In response to some fierce criticism, notably from local government officials in Tier 3 lockdown areas, Chancellor Rishi Sunak announced on 22 October that his previous Job Support Scheme (JSS) did not go far enough to support businesses that were facing tougher trading conditions owing to COVID-19. Here, Fiona Holloway, Associate Partner at Claritas Tax looks at what you need to know about the two ‘new and improved’ JSS schemes.
The “JSS Open” is the second phase in UK government support measures for organisations during the COVID-19 pandemic. Under the scheme, the employer will continue to pay its employees for time worked, but the burden of hours not worked will be split between the employer and the Government (through wage support) and the employee (through a wage reduction), and the employee will keep their job.
In simple terms, if a business is not forced to close owing to restrictions, from 1 November onwards, employees will have to undertake a minimum number of paid hours in order for the employer to access the scheme. This is in contrast to the flexible furlough, which ran until 31 October whereby employees could work a number of paid hours, and the new JSS Closed scheme (see below) where there is no requirement for paid work.
Our understanding is that the JSS Open will begin on 1 November 2020 and run for six months, until April 2021. The JSS Open covers all nations of the UK.
The JSS Open will give support to those businesses which, while having enough work to continue to employ their workers, are facing reduced demand. The employer must continue to pay workers for hours worked, but support through the new JSS Open is available for the cost of the hours not worked. For every hour not worked, the employee will be paid up to two-thirds of their usual salary.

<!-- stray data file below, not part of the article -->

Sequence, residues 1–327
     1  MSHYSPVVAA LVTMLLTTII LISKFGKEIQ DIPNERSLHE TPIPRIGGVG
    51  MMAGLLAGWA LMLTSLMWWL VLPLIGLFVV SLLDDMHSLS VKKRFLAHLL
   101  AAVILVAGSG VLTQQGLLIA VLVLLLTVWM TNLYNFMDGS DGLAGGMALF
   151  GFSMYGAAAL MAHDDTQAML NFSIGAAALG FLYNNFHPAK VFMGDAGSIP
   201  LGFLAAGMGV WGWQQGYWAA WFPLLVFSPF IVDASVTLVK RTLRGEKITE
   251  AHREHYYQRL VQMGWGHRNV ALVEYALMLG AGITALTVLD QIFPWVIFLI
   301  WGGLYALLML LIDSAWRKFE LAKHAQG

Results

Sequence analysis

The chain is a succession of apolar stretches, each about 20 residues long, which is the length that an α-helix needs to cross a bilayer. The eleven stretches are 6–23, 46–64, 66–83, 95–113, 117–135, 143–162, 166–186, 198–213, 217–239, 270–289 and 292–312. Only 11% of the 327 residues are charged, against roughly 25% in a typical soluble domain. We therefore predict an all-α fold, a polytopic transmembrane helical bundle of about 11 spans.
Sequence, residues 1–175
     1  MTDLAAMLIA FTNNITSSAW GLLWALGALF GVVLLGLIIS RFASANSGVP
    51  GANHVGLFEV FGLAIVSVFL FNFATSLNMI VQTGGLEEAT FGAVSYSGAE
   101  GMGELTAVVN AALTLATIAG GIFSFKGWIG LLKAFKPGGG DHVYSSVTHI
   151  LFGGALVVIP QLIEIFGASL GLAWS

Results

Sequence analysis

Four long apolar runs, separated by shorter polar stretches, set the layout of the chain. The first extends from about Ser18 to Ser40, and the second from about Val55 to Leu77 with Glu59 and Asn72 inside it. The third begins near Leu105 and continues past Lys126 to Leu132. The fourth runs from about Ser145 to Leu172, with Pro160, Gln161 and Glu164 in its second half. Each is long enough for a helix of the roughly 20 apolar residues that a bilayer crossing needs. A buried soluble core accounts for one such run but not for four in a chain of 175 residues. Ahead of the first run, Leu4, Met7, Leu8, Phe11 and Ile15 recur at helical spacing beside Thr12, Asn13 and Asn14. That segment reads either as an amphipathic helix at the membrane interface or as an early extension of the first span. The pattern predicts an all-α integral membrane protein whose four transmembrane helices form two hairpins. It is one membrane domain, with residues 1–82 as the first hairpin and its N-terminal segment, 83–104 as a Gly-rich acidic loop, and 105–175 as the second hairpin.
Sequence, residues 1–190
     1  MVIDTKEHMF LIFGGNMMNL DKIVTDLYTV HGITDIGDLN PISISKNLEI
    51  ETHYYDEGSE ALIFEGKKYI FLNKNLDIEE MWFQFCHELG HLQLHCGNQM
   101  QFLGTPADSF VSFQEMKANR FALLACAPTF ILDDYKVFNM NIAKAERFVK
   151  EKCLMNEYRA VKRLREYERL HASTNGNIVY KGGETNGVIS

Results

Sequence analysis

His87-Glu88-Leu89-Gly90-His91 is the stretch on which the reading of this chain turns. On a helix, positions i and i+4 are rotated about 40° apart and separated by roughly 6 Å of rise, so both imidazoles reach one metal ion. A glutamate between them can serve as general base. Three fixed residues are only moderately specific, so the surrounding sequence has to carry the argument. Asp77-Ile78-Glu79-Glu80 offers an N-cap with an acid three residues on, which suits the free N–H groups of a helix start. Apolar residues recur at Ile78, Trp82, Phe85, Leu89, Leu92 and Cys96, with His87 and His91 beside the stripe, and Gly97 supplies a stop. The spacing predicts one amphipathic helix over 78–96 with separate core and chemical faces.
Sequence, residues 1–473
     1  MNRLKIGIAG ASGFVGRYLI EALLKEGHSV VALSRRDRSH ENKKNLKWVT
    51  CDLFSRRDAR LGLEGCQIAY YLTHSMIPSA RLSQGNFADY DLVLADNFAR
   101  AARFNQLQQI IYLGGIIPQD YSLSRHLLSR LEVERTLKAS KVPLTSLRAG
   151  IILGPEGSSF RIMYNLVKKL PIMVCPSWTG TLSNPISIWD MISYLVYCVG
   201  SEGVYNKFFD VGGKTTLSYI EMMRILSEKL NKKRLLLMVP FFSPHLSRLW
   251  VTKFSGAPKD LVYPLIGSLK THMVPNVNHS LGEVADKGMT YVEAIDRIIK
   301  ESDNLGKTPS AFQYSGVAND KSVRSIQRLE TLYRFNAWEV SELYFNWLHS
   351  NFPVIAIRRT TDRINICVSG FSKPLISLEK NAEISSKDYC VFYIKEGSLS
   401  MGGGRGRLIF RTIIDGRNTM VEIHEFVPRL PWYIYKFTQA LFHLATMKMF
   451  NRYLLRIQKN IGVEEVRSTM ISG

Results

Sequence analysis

When originally announced, the JSS Open envisaged employers paying a third of their employees’ wages for hours not worked, and required employees to be working 33% of their normal hours. The government will now provide up to 61.67% of wages for hours not worked, up to a maximum £1541.75 per month, more than doubling the maximum payment of £697.92 under the previously announced rules.
The government announcement on 22 October calculates that the employer will contribute 5% of non-worked hours up to a cap of £125 per month. Employers can top up employees’ wages above the 5% cap at their own discretion. We think that the 5% calculation takes into account the receipt of the Job Retention Bonus. Employers will continue to be eligible for the £1,000 Job Retention Bonus (if they meet the conditions) as previously.
The minimum hours worked requirement has now been reduced to 20%. This means that employees working just one day a week may be eligible. Each short-time working period must run for a minimum of seven consecutive days.
Funds contributed by the government will be in the form of a grant which will be taxable.
Neither the employer nor the employee needs to have previously used the Coronavirus Job Retention Scheme (CJRS).
The Job Support Scheme which applies to businesses legally required to close remains unchanged. This is referred to as “Job Support Scheme Closed” and further details are set out below.
JSS grants do not cover employers’ National Insurance Contributions or pension contributions. Employers must pay these costs as usual. We assume that this will be calculated on the amount paid to the employee through the payroll, but we are waiting for more guidance.
The claims portal on gov.uk will open on 8 December 2020. Each claim will be submitted for a given pay period. Each claim must be made after the employee has been paid and that payment has been reported to HMRC through RTI. Grants reimbursing employers for the government’s contribution will be paid in arrears on a monthly basis.